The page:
These days I hear a lot more about all these things (especially on environment-friendly Vancouver Island), and I’m learning more all the time. I just finished reading the new biography, Alice Waters and Chez Panisse, by Thomas McNamee, which is subtitled “The Romantic, Impractical, Often Eccentric, Ultimately Brilliant Making of a Food Revolution.” What an interesting story! If you haven’t heard of it, Chez Panisse is a restaurant in Berkeley, California that has done things its own way (local, fresh, organic as possible) since it opened in 1971. They just wanted to be a place where people could be with each other over great food, and it sounds like they have certainly succeeded. Alice and Chez Panisse have inspired at least one person that I know; no doubt they have changed the lives of countless others.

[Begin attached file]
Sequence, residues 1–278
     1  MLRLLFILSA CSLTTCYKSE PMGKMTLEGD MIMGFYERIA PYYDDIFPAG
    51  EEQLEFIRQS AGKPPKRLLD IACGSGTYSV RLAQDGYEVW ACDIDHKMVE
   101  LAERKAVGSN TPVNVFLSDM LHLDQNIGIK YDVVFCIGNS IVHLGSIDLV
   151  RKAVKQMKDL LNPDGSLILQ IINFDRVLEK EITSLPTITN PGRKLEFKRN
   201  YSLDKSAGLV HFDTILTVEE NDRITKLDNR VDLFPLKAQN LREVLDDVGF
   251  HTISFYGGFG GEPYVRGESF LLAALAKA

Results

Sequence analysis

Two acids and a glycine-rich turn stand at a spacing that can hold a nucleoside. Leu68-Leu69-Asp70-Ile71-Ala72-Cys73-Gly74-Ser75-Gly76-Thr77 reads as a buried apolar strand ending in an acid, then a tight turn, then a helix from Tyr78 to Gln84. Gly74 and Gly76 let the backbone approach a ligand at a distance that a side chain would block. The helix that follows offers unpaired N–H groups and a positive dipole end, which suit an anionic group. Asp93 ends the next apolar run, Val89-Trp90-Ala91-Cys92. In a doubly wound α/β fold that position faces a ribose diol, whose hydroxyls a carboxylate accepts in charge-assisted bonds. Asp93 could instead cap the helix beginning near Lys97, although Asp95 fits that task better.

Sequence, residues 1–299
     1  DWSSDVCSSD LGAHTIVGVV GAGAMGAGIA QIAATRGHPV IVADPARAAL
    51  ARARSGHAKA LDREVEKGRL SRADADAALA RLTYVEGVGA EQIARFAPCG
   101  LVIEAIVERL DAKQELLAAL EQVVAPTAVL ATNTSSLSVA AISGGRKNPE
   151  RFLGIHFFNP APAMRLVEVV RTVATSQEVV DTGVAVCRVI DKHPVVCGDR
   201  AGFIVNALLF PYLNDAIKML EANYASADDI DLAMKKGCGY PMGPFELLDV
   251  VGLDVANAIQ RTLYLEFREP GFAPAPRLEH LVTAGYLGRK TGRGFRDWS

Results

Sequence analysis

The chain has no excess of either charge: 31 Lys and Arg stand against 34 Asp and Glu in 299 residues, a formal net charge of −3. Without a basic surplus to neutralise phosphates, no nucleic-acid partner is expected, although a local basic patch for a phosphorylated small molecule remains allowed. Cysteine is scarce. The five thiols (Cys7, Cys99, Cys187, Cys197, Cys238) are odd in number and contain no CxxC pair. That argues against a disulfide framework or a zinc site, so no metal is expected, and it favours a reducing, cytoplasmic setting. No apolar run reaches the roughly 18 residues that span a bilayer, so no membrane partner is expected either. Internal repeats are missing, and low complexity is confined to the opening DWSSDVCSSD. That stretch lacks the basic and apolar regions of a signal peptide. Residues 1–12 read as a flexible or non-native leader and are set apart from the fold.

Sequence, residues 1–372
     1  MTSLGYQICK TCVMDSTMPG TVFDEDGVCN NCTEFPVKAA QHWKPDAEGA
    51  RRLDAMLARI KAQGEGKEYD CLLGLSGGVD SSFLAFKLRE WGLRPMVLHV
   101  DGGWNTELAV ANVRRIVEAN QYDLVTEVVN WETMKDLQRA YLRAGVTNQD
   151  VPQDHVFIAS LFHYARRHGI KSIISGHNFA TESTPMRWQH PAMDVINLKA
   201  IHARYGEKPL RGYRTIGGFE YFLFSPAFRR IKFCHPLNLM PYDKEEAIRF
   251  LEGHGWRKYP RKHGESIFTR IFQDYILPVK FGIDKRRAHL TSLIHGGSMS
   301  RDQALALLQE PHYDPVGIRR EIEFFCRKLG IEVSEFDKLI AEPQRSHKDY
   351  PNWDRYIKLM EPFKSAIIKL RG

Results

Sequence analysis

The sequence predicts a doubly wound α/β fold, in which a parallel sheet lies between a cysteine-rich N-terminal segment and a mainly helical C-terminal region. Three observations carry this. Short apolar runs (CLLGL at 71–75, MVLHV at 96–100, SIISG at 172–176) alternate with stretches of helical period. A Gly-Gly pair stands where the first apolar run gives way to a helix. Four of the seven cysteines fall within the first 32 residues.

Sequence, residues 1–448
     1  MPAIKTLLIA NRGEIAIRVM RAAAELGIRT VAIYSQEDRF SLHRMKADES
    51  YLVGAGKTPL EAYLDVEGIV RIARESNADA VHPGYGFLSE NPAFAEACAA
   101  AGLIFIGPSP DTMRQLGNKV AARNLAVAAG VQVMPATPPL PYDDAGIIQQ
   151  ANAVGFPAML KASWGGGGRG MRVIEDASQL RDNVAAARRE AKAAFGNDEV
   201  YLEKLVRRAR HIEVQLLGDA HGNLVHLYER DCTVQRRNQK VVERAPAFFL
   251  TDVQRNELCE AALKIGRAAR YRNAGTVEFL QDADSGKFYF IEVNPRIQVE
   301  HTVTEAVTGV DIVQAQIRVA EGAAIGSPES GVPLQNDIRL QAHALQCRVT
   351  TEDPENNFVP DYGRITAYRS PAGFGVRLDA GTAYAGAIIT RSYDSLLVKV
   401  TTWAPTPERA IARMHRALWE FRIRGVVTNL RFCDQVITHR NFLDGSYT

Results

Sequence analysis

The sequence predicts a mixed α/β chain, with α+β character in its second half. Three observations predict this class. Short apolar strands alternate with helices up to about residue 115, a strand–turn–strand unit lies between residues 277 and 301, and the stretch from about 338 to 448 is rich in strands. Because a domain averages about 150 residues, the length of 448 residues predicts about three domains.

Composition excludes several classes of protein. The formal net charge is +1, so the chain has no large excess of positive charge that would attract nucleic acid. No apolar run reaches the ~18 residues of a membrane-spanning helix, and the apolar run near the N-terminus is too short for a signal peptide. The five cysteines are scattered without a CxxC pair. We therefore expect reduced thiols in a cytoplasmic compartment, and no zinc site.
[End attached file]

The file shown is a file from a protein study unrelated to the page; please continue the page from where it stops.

I found the book a fast read, as the story clicks along with twists and turns here and there. How does a woman get to be a cultural icon? This story shows you the way. In 1971, Alice Waters was a 20-something francophile with a dream (but barely two nickels to rub together). These days, anyone that knows anything about the food industry knows her name.
I was inspired before reading this book to continue eating local and organic food, and now I’m even more so. Remember that list of 100 goals that I had? I’ve just added another thing to it. You guessed it … eat at Chez Panisse.